Rising Cost Of Staying Warm

Whether you heat with electricity, oil or gas, bills will go up

October 17, 2007|By Paul Adams | Paul Adams,Sun reporter

The record prices Marylanders paid to keep cool last summer will soon give way to eye-popping winter heating bills - no matter what the fuel.

Households heating with electricity can expect bills to be about 50 percent more than a year ago - assuming no adjustment for weather variances - as a result of Baltimore Gas & Electric's rate increase in June.

The federal government projected last week that average U.S. homes heating with natural gas would pay 10 percent more this winter, while those burning fuel oil could expect to pay 22 percent more.

But since that report was released, concerns about tightening supplies coupled with tensions along the Iraq-Turkey border have pushed crude oil above $87 per barrel, and heating oil for November delivery has reached a record $2.34 per gallon.

Prices for natural gas often rise along with those for oil.

The price shock looms when local funds to help low- income residents pay energy bills have been largely exhausted, the result of helping clients deal with summer electricity bills after BGE's rate increase. Many face a long, cold winter unless the federal government or private donors provide more money.

"There has been tremendous demand," said Mary Ellen Vanni, executive director of the Fuel Fund of Maryland. "We had more than twice as many applicants this summer than ever before."

The Fuel Fund won't get an infusion of money until January, she said.

The Victorine Q. Adams Fuel Fund in Baltimore, which has the largest base of low-income clients, has stopped taking applications for assistance, said Charles W. Griffin, board president for the fund.

Xavier Reed, owner of Can-Do Fuel Oil Co. in Baltimore, said customers are doing a lot of "price-hopping," calling around to various suppliers looking for the lowest price. His rate yesterday was $2.55 a gallon, though prices around town range up to nearly $2.90.

The Energy Information Administration, the statistical arm of the Energy Department, projected average prices for fuel oil will reach $2.88 per gallon, compared with $2.48 last winter.

With temperatures expected to be lower this winter, the EIA estimates that U.S. fuel oil customers will pay an average of $1,785 to heat this year, or about $319 more than a year ago. The average increase varies by region.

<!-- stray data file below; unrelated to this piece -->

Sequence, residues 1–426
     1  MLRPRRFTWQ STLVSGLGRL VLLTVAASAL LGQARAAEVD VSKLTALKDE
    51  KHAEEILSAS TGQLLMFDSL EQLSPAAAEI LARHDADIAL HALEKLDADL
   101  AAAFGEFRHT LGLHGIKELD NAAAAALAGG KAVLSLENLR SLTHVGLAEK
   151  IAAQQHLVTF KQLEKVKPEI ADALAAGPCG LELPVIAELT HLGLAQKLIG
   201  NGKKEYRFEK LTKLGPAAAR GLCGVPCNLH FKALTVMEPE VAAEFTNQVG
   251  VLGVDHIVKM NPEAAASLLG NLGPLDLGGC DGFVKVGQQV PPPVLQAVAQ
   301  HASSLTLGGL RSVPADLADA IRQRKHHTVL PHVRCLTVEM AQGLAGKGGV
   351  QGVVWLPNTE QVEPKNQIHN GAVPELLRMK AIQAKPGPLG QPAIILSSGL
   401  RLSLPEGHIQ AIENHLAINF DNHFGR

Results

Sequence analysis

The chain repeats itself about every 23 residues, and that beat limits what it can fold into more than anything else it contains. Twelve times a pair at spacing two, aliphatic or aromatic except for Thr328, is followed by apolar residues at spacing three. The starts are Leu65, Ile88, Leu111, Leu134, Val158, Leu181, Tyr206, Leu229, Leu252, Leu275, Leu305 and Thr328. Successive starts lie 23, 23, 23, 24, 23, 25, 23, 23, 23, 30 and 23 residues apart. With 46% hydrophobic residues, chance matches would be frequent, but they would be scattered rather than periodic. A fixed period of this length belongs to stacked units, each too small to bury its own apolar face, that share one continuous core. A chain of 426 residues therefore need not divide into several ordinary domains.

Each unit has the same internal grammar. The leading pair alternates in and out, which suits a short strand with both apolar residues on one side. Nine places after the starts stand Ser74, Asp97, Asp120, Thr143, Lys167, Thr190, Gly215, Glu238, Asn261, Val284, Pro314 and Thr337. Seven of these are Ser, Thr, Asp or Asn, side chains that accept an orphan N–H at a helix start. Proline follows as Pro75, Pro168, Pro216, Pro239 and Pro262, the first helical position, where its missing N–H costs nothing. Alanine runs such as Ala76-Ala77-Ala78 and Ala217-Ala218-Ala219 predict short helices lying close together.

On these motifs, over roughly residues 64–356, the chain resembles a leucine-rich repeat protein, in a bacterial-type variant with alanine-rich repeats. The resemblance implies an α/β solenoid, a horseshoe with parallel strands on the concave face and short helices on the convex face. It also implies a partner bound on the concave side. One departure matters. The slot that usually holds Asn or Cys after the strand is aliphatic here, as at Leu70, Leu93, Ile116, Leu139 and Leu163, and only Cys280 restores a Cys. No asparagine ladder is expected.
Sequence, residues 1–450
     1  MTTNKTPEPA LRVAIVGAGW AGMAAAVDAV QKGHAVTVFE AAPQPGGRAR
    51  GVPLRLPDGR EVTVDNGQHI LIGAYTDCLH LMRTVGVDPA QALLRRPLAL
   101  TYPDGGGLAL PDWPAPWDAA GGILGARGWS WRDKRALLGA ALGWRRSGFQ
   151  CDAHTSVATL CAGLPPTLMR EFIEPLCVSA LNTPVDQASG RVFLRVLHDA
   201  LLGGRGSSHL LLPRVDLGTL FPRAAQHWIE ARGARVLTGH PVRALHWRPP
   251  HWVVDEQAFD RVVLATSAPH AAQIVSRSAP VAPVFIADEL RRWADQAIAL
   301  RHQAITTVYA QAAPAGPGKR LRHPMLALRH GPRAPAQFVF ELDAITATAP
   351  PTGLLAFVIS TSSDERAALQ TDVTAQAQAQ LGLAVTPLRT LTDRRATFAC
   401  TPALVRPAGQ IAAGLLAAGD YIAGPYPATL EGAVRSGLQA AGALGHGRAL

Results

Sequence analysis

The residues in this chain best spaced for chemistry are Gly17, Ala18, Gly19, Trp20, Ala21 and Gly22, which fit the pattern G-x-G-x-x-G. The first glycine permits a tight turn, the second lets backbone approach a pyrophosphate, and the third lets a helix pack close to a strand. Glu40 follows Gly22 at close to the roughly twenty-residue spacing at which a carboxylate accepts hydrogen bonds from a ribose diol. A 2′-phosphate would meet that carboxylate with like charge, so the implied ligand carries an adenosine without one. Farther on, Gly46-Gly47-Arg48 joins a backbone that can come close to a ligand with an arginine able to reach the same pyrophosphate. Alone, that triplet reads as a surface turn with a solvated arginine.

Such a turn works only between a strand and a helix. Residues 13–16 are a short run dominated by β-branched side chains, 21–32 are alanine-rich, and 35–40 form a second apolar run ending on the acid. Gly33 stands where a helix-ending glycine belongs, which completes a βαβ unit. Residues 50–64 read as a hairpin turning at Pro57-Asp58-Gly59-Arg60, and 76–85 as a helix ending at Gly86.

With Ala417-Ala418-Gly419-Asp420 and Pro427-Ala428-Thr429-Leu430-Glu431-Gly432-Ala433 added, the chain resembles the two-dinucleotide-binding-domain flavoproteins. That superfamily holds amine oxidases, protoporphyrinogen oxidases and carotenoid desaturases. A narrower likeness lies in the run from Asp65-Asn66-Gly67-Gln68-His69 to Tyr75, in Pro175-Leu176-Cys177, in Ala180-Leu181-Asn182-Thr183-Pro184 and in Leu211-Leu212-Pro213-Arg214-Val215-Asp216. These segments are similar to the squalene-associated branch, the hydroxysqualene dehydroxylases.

"People are going to be faced with `Do I pay my mortgage this month, or do I buy 200 gallons of oil?'" Reed said. "It's going to be tough out there."

Fixed income

The 200 gallons of oil that Bertha Robinson bought from Can-Do yesterday cost $510, or nearly half her monthly $1,100 Social Security check. Robinson, 73, lives with her 6-year-old great-granddaughter in a three-story house in Baltimore.

She turns down the thermostat at night and uses a space heater to keep her bedroom warm. During the day, she wears a sweater.

"Each year it gets a little higher," she said of oil prices. "Hopefully, that [200 gallons] will last more than just one month."

The EIA says 7 percent of U.S. households heat with fuel oil, most of them concentrated in the Northeast and Mid-Atlantic regions.

Natural gas customers, which account for 58 percent of U.S. households, can expect smaller increases. BGE locked in about half its winter supply of natural gas at earlier prices, which should result in local gas rates staying about the same as last winter's, said John Hays, principal pricing analyst for the utility.

However, the utility said customers can expect to pay about 5 percent more to heat their homes this winter compared with a year ago if the weather is more normal. Last winter was 7 percent warmer than usual in the Baltimore region.

The utility's preliminary estimate is that the typical BGE household will spend about $690 to heat with natural gas this winter, compared with about $659 last year.

That projection of $31 more is slightly more optimistic than the EIA's estimate for the United States as a whole. The EIA projects that average U.S. natural gas customers will spend $855 this winter, about $78 more than a year ago.

Propane customers can expect to pay 16 percent more this year, the EIA estimates. That translates into $1,570 for the season, an increase of $221 over last year.

It is too early to say whether the EIA's projections will prove to be overly optimistic in the face of the oil market's recent volatility.

Oil futures topped $88 a barrel for the first time yesterday, the result of growing concerns about political tensions in the Middle East and worries that domestic demand will outstrip supplies in the fourth quarter.

Analysts say supplies are so tight that any negative news can send the markets reeling.

Traders reacted sharply yesterday to news that Turkey's prime minister asked parliament for permission to pursue Kurdish rebels into Iraq - a move that could threaten oil pipelines and production in the region.

Rising demand

That news came on top of recent reports from the Energy Department and the Organization of Petroleum Exporting Countries that supplies might not be keeping pace with rising demand.

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